Everyone knows the success of the Rural Electrification Administration and its contribution to making America the industrial power that it is today. Founded in the 1930s, the REA was possibly the most successful of the government sponsored programs that arose out of the New Deal.
Today it's a different story. While the local electric co-operatives continue to provide a service to their communities, they are prevented from implementing creative solutions to modern issues such as energy efficiency, load leveling programs, and distributed generation. When the rural co-ops banded together to create generation and transmission associations (G&Ts), they unwittingly created unregulated monopolies, if not in principle, certainly in practice. The G&Ts became the self-serving behemoths they are today by siphoning off local dollars to support unregulated growth.
Tri-State G&T is a huge organization spanning four western states. It provides reliable wholesale electric power to 44 member co-operatives, 24 of which are in Colorado. Their accomplishments are impressive, and why not? Member co-operatives sign 40-plus-year all-requirements power contracts by pledging their assets to the G&T. Well before these contracts are set to expire, the co-ops are "encouraged" to extend them to cover increased debt service. It's like the Hotel California, "You can check out, but never leave!" If a co-op asks to leave, the G&T sets the terms of the exit where-by all equity earned by the co-op is forfeited. If the G&T ever finds itself in financial trouble, their government lenders have the right to raise rates on the member co-ops to make the G&T whole again, essentially eliminating the possibility of bankruptcy. Could any business run under these favorable terms, fail? Can you run your business where money is no object?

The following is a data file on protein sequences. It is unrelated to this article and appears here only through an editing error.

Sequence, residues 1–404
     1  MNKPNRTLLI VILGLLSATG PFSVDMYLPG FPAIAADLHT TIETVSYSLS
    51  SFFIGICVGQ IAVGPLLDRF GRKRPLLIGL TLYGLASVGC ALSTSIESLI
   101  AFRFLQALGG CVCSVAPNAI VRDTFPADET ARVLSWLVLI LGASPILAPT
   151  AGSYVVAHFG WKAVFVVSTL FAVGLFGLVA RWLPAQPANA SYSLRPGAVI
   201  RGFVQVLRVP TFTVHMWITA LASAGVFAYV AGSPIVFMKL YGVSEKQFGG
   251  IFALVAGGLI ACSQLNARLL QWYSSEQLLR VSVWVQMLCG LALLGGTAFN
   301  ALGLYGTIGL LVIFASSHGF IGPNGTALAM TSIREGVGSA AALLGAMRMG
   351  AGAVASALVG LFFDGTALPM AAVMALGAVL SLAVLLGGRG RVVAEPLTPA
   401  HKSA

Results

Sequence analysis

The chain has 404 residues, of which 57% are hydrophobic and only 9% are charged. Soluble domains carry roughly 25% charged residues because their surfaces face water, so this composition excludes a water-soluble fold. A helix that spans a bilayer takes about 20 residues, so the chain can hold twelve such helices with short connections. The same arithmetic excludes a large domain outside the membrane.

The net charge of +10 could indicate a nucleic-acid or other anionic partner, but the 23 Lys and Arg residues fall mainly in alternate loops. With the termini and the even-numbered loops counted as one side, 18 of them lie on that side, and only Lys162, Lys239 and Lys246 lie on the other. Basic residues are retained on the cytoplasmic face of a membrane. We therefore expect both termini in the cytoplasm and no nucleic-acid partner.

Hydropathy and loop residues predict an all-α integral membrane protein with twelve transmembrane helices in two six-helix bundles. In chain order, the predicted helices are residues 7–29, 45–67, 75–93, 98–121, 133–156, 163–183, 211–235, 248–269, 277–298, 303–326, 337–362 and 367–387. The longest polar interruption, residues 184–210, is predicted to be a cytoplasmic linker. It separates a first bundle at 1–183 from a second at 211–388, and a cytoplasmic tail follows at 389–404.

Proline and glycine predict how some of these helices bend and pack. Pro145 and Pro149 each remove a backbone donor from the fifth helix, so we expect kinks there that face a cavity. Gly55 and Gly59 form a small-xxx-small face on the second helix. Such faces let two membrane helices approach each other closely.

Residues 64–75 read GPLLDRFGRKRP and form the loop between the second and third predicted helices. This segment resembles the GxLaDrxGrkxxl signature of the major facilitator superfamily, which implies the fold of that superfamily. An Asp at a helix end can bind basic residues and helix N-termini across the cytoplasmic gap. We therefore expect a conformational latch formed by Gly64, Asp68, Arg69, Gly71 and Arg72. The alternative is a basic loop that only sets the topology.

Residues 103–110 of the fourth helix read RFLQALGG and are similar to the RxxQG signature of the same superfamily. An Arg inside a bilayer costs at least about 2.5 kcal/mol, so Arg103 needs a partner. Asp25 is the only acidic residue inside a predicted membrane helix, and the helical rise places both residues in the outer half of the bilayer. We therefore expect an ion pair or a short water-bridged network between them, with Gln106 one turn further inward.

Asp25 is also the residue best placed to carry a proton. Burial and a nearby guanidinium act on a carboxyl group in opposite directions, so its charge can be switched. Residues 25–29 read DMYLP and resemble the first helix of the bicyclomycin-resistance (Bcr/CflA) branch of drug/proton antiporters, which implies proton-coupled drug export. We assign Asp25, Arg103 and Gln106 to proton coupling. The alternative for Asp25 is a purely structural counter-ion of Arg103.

Now, what has all this bought the rural consumer? Xcel Energy is a publicly traded power provider. It pays share holder dividends, taxes, and it has a 30% renewable portfolio standard (RPS). Tri-State is a not-for-profit, has a 10% RPS, yet Xcel has lower wholesale rates. Tri-State says that they are a friend of coal, yet their new A37 rate disproportionately increases the electrical costs imposed on your local coal mines and other large industrial users. With this kind of track record, is it time to end government assistance to Tri-State? When people say that they trust Tri-State over the state Legislature, are they telling you that your electric bill doesn't matter to them?
Rural Colorado deserves better. The governance structure at Tri-State needs to be overhauled, as does its rate-making policies. Member co-ops should be allowed to develop competitive generation resources within your communities. Crony-capitalism needs to give way to market-based principles. If the Tri-State board cannot or will not find ways to rectify this situation, the state Legislature should work to mandate solutions. Tri-State should be allowed to fix the situation, yet time limits should be put in place. Rural Coloradoans deserve no less.